Sam Lemheney practically has horticulture in his genes: His grandfather owned a landscape nursery, and his father had a flower shop, both here in the Philadelphia area. In fact, as a kid, Lemheney even helped create his family's displays at The Philadelphia Flower Show. In 2003, after a 13-year tenure in horticulture and gardening at the Walt Disney World Co. in Orlando, Florida, Lemheney returned to the City of Brotherly Love to take over as Chief of Shows & Events for the Pennsylvania Horticultural Society. We spoke with him about this year's show, his fondest flower show memories and his favorite local haunts.
The Philadelphia Flower Show has been around for more than 185 years. How do you keep it interesting and continue to top yourself?
We start by discussing some fun themes that would draw great attendance. My thought process is "how do I get people off the couch? How do I get them to say, 'I don't need to sit and watch TV today because I am actually going to see something pretty amazing and spectacular'?" I learned a lot about how to entertain people with plants and flowers when I was at Disney, and I try to carry that experience through to the Flower Show. We always think of what we can do differently to showcase the horticulture, plants and flowers in a unique way. Plants have a powerful nature to bring people together, and that's what we try to do with the Flower Show.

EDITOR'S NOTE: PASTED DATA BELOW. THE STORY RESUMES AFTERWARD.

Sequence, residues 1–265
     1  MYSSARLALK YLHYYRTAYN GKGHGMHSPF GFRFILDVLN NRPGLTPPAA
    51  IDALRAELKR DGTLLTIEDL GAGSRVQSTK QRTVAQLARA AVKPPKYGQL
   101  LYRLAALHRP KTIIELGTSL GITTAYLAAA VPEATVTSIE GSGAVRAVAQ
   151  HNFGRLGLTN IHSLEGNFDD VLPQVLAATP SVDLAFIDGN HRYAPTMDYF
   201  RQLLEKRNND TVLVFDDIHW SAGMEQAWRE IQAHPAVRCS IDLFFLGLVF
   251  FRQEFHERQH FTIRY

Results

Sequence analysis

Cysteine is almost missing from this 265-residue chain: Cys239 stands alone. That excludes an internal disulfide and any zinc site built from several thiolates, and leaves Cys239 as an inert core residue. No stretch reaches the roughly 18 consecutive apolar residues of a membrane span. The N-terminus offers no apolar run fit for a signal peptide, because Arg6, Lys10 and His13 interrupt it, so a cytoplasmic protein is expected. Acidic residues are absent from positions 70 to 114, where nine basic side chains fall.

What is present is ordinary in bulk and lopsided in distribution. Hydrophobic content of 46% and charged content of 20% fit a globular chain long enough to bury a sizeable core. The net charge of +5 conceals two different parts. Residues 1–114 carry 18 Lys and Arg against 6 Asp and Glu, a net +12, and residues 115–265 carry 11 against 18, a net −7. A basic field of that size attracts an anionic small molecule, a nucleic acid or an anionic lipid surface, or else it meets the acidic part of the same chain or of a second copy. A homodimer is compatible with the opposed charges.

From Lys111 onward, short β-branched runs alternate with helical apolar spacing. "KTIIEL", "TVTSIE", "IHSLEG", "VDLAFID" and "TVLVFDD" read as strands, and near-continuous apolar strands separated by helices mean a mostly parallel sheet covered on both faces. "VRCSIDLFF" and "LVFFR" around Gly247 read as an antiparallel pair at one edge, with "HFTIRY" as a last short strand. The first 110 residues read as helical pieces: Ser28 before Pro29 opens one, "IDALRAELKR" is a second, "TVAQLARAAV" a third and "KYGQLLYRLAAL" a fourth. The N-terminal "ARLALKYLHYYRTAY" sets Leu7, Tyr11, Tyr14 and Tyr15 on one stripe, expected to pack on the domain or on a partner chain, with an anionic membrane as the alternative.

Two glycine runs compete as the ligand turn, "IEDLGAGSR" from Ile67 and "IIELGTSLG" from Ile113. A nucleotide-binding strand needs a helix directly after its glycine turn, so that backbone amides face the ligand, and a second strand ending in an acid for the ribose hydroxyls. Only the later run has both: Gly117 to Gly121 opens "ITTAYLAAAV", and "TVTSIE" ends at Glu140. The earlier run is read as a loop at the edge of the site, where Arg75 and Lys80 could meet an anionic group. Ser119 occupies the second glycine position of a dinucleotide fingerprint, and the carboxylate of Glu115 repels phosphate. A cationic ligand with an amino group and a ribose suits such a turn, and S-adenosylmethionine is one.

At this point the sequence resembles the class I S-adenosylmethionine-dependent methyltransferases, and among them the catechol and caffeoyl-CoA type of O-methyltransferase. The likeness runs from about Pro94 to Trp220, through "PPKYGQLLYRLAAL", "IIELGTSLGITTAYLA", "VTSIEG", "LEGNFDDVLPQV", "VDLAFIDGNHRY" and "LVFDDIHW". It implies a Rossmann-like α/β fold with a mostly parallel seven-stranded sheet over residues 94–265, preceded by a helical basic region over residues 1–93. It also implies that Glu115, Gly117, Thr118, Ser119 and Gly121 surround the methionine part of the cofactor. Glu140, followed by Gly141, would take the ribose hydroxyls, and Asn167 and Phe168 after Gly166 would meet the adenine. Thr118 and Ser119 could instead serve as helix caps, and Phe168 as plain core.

How did you choose "Explore America" for this year's theme?
About two years ago, I was at a cocktail party with [former] PHS President Drew Becher. We were talking to the folks from Independence National Park, and they mentioned that 2016 was the 100th anniversary of the National Park Service. At first we thought we could use the centennial as the idea for an exhibit, but when we brainstormed we saw potential for a theme for the whole show.
What is your favorite Flower Show memory?
My most specific memory is of working with my dad on the FTD exhibit when I was a kid. FTD rotated florists every two years, so I got to help him do two of those exhibits. I didn't know it at the time, but that's when I first got interested in this type of work.
Aside from the Flower Show, where are your favorite places to see flowers and plants in the Philadelphia area?
I love Longwood Gardens. Morris Arboretum is also a very special place. The Camden Children's Garden is an interesting and fun place to see plants. And the Philadelphia Zoo—believe it or not—does a great job with horticulture. Fairmount Park is another beautiful place as well.
I am a landscape fan, so I like to see plants in more of a natural setting, too. We go on a lot of hikes in the national and state parks. I like to see the outdoors.
What are your favorite attractions to visit in the city?
I love to go to Independence National Park. I've taken my kids there on field trips many times, and it's always a fun place to go. We go to the Franklin Institute, too. My kids love that science-y stuff.
What are your go-to restaurants?
The eating in this city is amazing. It's tough to have a favorite because you want to try them all. Those classic, hole-in-the-wall restaurants in South Philly are great. I love the scenery at Talula's Garden; I know the people that helped create that space. The Dandelion is great too, and I go to City Tap House a lot with clients.
Do you have a favorite Philly culinary guilty pleasure?
When I lived in Florida, I couldn’t' find a really good cheesesteak. It was so refreshing to have one whenever I came back to Philly. Everyone tries to duplicate a Philly cheesesteak but they just cannot do it. Having access to good cheesesteaks is a great thing.